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Heather Jeffcoat in Cosmo
image depicting belly press during sex

The bottom line: If a little belly press during sex helps turn you on more, that’s what matters most.

If you’ve spent much time on our site, you may have noticed that we focus primarily on improving the health of your pelvic floor, particularly if you are having issues due to illness, life changes like pregnancy or menopause, and/or recovering from an injury. But once your pelvic floor is in shape, we also love to present various techniques that help you enjoy sex more. So when Cosmo did a deep dive on the “belly press during sex” craze, they reached out to me for some input on the how’s and why’s about the technique, why it works (or not), and if and when there are times you should avoid it.

Heather Jeffcoat, DPT

The article begins:

If you’re thinking there’s no way that could possibly feel good, hear us out: Gently applying pressure to the lower abdomen during sex can feel amazing and potentially amplify your orgasms. You’ve just gotta figure out how to make it work for you.

The method first came to light when TikTok creator Nurse Ria (@love.ria.nurse) posted a video claiming that for people with vulvas, the belly press sex thing can “stimulate the G-spot from the outside.” The video quickly went viral, garnering over 1.2 million likes and racking up thousands of comments—both from enthusiastic supporters and more hesitant TikTokers saying “no thanks.” Although Nurse Ria’s video has since been deleted, the method sparked a ton of interest online—but considering it might sound low-key uncomfortable and the G-spot doesn’t actually exist, the post also left people wondering if it’s legit.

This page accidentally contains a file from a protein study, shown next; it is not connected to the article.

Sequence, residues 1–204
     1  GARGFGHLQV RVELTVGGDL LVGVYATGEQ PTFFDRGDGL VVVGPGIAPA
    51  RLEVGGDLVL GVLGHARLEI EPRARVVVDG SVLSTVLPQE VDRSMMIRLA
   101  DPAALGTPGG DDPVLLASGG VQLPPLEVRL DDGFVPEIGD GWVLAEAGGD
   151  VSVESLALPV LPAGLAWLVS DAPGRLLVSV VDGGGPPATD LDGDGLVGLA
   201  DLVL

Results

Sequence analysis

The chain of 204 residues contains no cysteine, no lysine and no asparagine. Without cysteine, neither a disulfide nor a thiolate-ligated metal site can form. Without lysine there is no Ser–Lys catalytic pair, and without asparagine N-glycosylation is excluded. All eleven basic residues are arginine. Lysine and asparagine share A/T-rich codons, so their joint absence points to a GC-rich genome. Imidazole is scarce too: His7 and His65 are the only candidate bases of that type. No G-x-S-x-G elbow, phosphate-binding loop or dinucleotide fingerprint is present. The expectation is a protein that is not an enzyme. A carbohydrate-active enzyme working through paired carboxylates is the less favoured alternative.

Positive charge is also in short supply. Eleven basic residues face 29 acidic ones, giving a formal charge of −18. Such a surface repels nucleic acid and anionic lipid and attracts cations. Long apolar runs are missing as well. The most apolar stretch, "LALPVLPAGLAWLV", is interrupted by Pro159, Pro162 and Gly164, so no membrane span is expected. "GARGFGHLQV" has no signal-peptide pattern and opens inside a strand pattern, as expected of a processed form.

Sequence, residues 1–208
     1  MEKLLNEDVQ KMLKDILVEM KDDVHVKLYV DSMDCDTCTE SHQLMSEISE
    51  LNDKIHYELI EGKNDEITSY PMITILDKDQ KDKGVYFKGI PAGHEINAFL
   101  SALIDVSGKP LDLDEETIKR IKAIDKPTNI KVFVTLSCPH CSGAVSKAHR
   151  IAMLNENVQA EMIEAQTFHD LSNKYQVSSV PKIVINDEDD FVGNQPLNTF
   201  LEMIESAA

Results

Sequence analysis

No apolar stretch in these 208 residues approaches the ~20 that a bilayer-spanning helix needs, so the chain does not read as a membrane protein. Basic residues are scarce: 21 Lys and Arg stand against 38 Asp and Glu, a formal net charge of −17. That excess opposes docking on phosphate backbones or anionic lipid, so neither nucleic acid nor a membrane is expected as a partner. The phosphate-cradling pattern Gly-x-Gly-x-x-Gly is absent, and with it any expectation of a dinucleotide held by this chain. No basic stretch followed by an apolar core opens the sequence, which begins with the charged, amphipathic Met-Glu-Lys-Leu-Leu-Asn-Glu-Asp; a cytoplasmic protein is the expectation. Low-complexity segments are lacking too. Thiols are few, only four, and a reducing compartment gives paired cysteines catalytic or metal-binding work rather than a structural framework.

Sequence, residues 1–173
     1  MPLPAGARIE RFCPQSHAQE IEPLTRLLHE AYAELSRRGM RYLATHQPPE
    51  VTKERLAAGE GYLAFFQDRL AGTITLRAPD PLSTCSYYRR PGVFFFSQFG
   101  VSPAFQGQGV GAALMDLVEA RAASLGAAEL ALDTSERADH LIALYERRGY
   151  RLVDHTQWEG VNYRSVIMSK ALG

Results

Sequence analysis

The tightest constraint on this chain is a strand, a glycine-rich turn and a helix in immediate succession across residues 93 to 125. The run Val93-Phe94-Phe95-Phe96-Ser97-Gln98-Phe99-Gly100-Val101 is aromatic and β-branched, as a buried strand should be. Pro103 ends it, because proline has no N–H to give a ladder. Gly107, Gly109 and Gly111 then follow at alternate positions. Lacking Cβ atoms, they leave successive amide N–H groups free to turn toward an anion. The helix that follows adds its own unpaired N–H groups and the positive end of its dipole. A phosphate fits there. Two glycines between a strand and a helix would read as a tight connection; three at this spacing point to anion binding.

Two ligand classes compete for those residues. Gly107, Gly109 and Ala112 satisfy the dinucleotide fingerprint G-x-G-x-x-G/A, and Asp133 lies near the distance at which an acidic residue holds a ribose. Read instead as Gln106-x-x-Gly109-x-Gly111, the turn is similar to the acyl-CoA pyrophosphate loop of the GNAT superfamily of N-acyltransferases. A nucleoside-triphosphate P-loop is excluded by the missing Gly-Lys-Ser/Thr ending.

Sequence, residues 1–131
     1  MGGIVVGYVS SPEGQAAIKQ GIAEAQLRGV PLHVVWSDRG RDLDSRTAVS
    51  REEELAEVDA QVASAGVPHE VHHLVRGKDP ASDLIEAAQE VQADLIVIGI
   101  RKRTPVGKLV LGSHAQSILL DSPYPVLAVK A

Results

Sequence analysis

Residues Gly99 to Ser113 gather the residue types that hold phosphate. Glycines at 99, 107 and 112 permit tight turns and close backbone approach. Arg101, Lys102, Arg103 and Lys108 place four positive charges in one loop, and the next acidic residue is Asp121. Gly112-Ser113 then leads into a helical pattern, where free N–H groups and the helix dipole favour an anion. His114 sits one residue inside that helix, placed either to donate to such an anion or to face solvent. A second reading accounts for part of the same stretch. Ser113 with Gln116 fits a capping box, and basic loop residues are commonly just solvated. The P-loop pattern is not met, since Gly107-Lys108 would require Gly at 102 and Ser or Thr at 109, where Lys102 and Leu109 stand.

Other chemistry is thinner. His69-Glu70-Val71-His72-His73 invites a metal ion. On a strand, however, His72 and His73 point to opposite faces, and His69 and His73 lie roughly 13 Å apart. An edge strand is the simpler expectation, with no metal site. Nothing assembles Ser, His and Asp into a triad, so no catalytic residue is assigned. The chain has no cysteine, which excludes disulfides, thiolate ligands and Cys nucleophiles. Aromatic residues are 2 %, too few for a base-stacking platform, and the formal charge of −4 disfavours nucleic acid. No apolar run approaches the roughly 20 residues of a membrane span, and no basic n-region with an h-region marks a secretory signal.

Cosmo Aks Me “What Exactly *Is* The Belly Press Method?”

As I mentioned to Cosmo, “belly press”-induced arousal makes sense anatomically. The belly button and external genitalia are all derived from the same structure, and this includes the clitoris. Since pressing on the lower belly can activate a variety of sensitive areas, the method may amplify orgasm.

Does the Belly Technique Help Stimulate the G-Spot?

Holly Wood, PhD(c), LMFT says that the “G-Spot” is really just an anatomical interaction between the clitoris, urethra, and anterior vaginal wall, called the clitourethrovaginal (CUV) complex, which is located about 2-3 inches inside the vagina on the front vaginal wall (the top wall if you're lying down on your back). And it makes sense that since many women find internal stimulation of this area arousing, that external pressure on this same area might just increase that arousal. Which leads us to…

How to Do the Belly Press Sex Thing

Clearly, there’s a lot going on anatomically that can make the belly thing a physical turn-on. So, how do you try it? “You can experiment with this by pressing down—or having a partner press down—on the abdomen, just above the pubic bone,” Wood suggests. “You can also try stimulating from the outside and the inside at the same time by using a finger or toy internally while applying that external pressure.”

When Should You Avoid the Belly Press Thing?

[Some people] find that pressure on their bladder causes them to tense up (often because they’re afraid of peeing), which can hinder orgasm,” O’Reilly says. “The bottom line is that some people love pressure against their bladder and others do not. You may also find that this type of pressure feels good on some days or not others; it may align with your menstrual cycle or the differences may be entirely random,” she says.

In short, if you’re dealing with incontinence or you are experiencing menstrual discomfort, trying the belly press during sex may not be the right thing at the moment. If you are suffering from conditions like painful bladder syndrome, you may want to try the belly technique during solo play before you involve your partner. If you’re dealing with endometriosis, ovarian cysts, and other similar issues, you may want to avoid the technique as well. If the idea of pressing on your belly during sex appeals to you, great! But if not, that’s OK, too.

Go here to read the full article at Cosmo on the belly press during sex technique, and go here if you think you might need some therapy before you're ready to try it for yourself.

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** This information is for educational purposes only and is not intended to replace the advice of your doctor. **

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